Boats, hydroplanes and visitors fill riverfront for annual Madison Regatta
MADISON, IN - "I've been coming here all my life," said Rob Holt, a Madison, Indiana resident. Holt grew up in the riverfront community and says he's never missed a regatta.
Thousands of people come to Madison, Indiana over the weekend for the annual Madison Regatta. Some travel a few miles, others a few thousand.
"I was working will call yesterday and we checked in some people from New Zealand," said Regatta board member Curtis Chatham.
Officially, it's the 68th year. But local race historian Dave Taylor says the Madison Regatta really began in 1911.
"I have photos of some of those early races where we had steamboats lined up along the river with the motorboats in the background," Taylor said. "And that time, the boats were outboard, some of them were inboard boats with automotive engines and they plowed through the water. Today's hyd roplanes actually plane over the surface of the water. They're essentially a water-bound aircraft when you get down to it."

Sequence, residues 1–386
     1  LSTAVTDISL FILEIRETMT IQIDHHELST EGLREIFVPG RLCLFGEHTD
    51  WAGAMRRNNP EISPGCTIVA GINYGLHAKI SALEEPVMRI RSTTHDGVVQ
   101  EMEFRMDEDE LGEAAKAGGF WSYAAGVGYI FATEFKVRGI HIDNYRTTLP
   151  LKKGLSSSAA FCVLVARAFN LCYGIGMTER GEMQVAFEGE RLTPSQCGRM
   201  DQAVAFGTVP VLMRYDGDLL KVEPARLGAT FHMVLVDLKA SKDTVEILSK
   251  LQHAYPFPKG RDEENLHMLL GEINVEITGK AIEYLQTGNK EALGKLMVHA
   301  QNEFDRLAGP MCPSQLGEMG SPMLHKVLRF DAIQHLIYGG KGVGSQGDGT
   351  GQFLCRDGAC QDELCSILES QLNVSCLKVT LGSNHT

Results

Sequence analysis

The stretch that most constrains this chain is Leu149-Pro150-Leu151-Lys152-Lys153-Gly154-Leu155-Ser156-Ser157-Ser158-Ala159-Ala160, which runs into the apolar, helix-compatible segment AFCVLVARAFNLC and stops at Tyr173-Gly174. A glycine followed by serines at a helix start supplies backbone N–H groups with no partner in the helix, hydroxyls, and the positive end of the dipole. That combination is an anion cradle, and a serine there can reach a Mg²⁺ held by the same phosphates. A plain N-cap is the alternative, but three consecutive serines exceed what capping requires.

More than a century after the first regatta, boat racing is still the draw here for visitors and locals alike.
"Well the best part is the boats," Holt said.
This year, they're expanding the weekend with more live music.
"We added it last year on a much smaller scale and this year, expanded it to a lot more national talent," Chatham said.
The Madison Regatta runs through Sunday evening. Tickets are available for purchase for both the races and for the live music. For more information, visit the Madison Regatta on their website here.
On Friday, it's pretty slow boating out on the Ohio. But on Saturday, the big boats and hyd roplanes will hit the water going up to 200 miles per hour, much faster than in 1911.
"Going back to the teens, some of the speeds were an average of around 14, 15 miles an hour," Taylor said.
Drivers and their boats guard their riverfront spots, getting ready to hit the water Saturday morning.
"Words really don't do it justice. There's really nothing quite like it," said hyd roplane driver Andrew Tate.
Tate and his crew stay busy, making sure their gear is ready to race.
"The left pedals, there's actually two for my left foot, no brakes," Tate said.
He won a race down in Alabama just two weeks earlier against some of the drivers he'll take on again this weekend. The boat he drives is just two years older than he is, practically family.
"Definitely a working relationship, sometimes she's happy, sometimes she's not. So I guess it'd be more like a sister, a little bit more temperamental than a brother," Tate said.
And together, they're hoping to take home another win this weekend.
"We're hoping to have another go out and drag 'em out boat race," Tate said.
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